How to grow hjollyhocks in containers
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Hollyhocks (Alcea rosea) are old-fashioned plants that bloom in the late spring and early summer. The flowers come in a variety of colours, and each flower remains open for 3 to 4 days. Depending on the variety, hollyhocks can grow from 60 cm to 3 m (2 to 10 feet) in height.
They grow as annuals, biennials or perennials.
Place the empty container in a sunny location. Make sure the container is in its permanent location, as it will be too heavy to move once filled. The container must have drainage holes at the bottom, so excess water can drain out.
- Hollyhocks (Alcea rosea) are old-fashioned plants that bloom in the late spring and early summer.
- Make sure the container is in its permanent location, as it will be too heavy to move once filled.
Fill the container with potting soil.
Sprinkle hollyhock seeds over the top of the soil one to two weeks before the last frost date. Spring is the best time to plant hollyhocks.
Cover the seeds with potting soil to a depth of 6 mm (1/4 inch).
Water the soil in the planter with the sprinkle head of the sprayer. Do not spray hard, or you will push the seeds too far under the soil, and they won‘t grow. Keep the soil moist at all times. Do not saturate the soil. The first year, the hollyhocks will grow, but they may not flower until their second year.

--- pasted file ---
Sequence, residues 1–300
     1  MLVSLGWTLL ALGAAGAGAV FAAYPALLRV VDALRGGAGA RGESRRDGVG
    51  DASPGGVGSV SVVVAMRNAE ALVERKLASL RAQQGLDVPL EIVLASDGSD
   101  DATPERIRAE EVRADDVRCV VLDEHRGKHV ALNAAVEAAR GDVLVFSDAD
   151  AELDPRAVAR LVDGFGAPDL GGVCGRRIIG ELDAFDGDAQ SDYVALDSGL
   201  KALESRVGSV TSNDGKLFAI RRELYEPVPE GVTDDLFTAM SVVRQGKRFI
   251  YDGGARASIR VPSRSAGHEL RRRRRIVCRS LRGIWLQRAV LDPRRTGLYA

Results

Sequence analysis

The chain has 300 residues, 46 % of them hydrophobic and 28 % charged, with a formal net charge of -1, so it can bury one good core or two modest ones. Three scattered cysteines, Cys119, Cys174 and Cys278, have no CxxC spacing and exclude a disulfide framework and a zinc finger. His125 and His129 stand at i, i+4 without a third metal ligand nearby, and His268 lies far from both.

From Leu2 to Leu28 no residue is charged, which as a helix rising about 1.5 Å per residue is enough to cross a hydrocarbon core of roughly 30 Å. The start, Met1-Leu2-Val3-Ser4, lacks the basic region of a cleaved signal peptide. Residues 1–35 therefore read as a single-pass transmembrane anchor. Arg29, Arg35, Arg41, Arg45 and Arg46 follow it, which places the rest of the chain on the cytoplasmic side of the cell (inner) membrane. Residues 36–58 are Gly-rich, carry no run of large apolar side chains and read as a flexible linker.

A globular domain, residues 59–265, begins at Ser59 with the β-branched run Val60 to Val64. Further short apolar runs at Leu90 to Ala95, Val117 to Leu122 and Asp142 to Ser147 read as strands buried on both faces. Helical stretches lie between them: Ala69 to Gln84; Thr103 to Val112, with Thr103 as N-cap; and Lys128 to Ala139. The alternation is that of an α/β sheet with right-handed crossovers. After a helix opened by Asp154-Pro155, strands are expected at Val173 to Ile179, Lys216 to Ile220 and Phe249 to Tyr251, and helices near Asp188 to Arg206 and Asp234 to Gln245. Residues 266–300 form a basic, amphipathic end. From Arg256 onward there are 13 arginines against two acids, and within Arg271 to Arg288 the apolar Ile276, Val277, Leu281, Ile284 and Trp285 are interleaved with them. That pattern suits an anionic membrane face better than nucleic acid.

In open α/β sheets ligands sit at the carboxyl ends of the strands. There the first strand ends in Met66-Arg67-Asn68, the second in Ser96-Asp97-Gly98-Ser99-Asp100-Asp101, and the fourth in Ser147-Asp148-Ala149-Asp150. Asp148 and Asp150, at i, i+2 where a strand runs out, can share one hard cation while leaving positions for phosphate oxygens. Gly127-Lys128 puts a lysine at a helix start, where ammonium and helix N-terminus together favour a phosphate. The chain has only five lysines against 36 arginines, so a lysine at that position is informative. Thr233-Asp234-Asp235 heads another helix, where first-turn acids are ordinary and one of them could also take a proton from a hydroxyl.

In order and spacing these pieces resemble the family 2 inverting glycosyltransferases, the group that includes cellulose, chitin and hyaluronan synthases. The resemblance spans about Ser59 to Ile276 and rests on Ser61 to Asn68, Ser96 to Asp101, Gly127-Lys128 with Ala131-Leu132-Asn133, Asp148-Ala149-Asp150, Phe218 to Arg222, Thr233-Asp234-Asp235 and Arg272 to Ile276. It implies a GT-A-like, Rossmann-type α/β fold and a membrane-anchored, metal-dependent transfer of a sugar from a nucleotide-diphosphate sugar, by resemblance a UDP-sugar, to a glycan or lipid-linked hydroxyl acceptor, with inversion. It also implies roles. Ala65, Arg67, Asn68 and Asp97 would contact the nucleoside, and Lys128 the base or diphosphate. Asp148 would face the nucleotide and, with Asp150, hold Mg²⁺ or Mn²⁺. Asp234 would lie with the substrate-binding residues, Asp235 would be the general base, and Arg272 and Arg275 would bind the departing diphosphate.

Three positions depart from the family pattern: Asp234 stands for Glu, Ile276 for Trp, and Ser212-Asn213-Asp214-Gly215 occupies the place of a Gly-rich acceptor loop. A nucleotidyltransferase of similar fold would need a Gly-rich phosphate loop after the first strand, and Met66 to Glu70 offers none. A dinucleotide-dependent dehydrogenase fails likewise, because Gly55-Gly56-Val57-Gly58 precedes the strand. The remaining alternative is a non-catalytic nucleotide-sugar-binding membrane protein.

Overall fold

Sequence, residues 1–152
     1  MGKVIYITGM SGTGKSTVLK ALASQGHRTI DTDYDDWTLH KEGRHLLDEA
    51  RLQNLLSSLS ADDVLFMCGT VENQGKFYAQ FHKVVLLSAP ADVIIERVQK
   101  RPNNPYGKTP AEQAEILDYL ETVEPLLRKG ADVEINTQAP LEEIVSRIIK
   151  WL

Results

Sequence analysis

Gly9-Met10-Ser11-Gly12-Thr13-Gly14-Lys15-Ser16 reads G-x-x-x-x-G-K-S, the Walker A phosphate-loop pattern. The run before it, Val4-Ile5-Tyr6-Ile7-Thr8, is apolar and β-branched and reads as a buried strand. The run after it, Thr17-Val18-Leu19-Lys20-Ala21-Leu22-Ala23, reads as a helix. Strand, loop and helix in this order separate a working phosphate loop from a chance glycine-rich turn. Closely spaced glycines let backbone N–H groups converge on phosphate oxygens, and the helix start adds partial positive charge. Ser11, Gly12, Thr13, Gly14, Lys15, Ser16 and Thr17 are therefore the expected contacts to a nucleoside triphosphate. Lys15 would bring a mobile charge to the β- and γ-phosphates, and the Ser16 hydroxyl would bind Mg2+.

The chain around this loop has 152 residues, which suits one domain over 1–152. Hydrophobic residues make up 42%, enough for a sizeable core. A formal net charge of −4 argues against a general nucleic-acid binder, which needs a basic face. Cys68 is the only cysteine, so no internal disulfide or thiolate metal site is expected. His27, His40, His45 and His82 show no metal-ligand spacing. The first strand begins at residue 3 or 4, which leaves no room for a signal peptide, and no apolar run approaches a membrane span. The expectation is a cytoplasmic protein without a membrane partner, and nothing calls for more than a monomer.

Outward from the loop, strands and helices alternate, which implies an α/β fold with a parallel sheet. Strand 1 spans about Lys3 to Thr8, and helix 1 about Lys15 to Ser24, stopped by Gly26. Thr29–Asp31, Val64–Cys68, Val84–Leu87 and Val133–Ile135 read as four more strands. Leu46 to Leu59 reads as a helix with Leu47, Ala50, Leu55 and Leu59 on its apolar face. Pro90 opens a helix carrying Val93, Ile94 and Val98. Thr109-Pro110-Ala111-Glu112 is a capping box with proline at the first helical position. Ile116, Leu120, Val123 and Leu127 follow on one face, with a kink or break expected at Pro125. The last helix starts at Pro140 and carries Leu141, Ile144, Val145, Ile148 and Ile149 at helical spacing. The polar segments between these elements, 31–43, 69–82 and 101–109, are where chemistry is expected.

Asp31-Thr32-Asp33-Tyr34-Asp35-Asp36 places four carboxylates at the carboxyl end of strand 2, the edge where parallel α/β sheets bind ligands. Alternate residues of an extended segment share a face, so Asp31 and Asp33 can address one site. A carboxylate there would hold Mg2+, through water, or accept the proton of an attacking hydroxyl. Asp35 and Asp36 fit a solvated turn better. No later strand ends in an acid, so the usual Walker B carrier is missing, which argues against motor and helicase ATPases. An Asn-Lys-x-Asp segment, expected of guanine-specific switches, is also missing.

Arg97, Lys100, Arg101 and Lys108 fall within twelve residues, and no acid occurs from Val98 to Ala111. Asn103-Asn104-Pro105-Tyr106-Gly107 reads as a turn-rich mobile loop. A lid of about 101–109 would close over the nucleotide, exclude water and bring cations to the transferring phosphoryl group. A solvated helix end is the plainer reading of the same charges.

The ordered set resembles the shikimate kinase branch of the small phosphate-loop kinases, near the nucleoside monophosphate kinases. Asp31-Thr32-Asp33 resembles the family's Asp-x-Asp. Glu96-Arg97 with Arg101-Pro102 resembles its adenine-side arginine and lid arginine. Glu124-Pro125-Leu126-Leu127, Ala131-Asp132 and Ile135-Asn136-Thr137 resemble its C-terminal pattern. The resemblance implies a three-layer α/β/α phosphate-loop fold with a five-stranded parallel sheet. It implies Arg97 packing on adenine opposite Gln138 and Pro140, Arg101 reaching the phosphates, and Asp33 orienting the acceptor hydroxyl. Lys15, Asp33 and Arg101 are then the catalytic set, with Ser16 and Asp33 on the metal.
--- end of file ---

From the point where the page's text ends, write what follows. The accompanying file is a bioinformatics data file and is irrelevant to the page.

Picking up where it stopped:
- Fill the container with potting soil.
- Sprinkle hollyhock seeds over the top of the soil one to two weeks before the last frost date.
Leave the hollyhocks to grow undisturbed, and they will self-seed next year. If you do not want hollyhocks to grow in the container again, remove each flower when the bloom fades. If the hollyhocks crowd each other, thin them out.
Fertilise the hollyhock plants two times during the season. Use an all-purpose fertiliser such as 15-30-15, following the directions on the label.
- North Dakota State University Extension Service: Questions on hollyhocks
- "America's Garden Book"; James and Louise Bush Brown; 1967
- Hollyhocks do not grow well in containers because they have long roots and grow tall. The miniature variety of hollyhocks is better suited for container growing.
Gail Delaney is a writer in South Dakota and has articles published online at various websites. She is the garden editor for BellaOnline, with years of gardening experience. Being the caretaker of her parents led her in the direction of medical issues, especially natural remedies.